Libya Contact Group, and the group agreed to develop a mechanism for providing financial
support to the ITNC. Qatar, Italy, Kuwait, France, and others have formally recognized the ITNC
as the legitimate representative of the Libyan people. Some reports suggest that some Contact
Group members have begun supplying defensive weaponry to opposition forces. The United
States and others continue to provide humanitarian assistance to displaced persons.

Until recently, the United States government was pursuing a policy of reengagement toward
Qadhafi after decades of confrontation, sanctions, and Libyan isolation. While U.S. military
operations continue, Obama Administration officials highlight a number of non-military steps the
U.S. government has taken to achieve Qadhafi’s ouster, such as new targeted sanctions
established in Executive Order 13566. Some Members of Congress expressed support for U.S.
military intervention prior to the adoption of Resolution 1973, while others disagreed or called for
the President to seek explicit congressional authorization prior to any use of force. Some
executive-legislative consultation occurred prior to the start of U.S. military operations, and, on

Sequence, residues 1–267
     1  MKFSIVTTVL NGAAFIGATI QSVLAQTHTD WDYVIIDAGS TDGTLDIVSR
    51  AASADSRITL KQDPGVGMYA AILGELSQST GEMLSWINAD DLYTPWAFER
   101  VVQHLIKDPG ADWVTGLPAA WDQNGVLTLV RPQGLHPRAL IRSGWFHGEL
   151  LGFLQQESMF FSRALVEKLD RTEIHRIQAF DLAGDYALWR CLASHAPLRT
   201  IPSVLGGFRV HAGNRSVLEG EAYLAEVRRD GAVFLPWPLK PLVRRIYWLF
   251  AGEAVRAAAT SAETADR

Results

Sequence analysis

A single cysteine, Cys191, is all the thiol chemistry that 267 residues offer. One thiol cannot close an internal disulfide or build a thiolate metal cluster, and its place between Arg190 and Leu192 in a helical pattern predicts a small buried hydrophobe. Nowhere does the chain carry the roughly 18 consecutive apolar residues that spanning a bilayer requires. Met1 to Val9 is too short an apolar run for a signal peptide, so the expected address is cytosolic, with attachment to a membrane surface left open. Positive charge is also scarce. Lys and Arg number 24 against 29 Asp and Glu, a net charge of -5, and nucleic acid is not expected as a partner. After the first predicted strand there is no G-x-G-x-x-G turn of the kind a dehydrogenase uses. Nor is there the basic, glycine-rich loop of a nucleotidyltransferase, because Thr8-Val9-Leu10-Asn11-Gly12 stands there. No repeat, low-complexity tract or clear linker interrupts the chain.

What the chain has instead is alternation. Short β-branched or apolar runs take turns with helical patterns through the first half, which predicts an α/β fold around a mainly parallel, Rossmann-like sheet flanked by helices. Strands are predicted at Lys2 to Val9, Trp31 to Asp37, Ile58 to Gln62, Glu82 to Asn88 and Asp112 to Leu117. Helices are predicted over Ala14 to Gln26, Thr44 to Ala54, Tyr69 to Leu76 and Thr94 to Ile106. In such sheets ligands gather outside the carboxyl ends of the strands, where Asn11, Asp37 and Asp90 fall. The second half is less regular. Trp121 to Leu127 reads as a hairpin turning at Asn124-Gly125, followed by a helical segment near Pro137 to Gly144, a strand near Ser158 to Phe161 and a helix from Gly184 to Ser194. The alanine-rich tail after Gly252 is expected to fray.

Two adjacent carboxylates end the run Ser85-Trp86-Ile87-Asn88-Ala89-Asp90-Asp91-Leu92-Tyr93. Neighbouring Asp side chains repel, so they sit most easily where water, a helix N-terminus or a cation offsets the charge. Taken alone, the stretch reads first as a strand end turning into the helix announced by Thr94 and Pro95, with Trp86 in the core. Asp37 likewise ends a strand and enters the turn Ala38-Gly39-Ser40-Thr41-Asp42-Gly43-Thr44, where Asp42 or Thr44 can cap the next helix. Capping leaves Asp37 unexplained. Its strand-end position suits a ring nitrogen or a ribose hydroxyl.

March 21, President Obama sent a letter to Congress outlining U.S. military objectives and
operations, but not explicitly seeking congressional authorization. Several House and Senate
resolutions now seek to further define the goals and limits of future U.S. engagement in Libya.

Many observers believe that Libya’s weak government institutions, potentially divisive political
dynamics, and current conflict suggest that security challenges could follow the current uprising,
regardless of its outcome. In evaluating U.S. policy options, Congress may seek to better
understand the roots and nature of the conflict in Libya, the views and interests of key players,
and the potential consequences of military operations and other proposals under consideration.

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                                                                                                   Libya: Unrest and U.S. Policy

Popular Revolution and Current Conflict.....................................................................................1
   Background ..........................................................................................................................1
   Status as of April 25, 2011.....................................................................................................3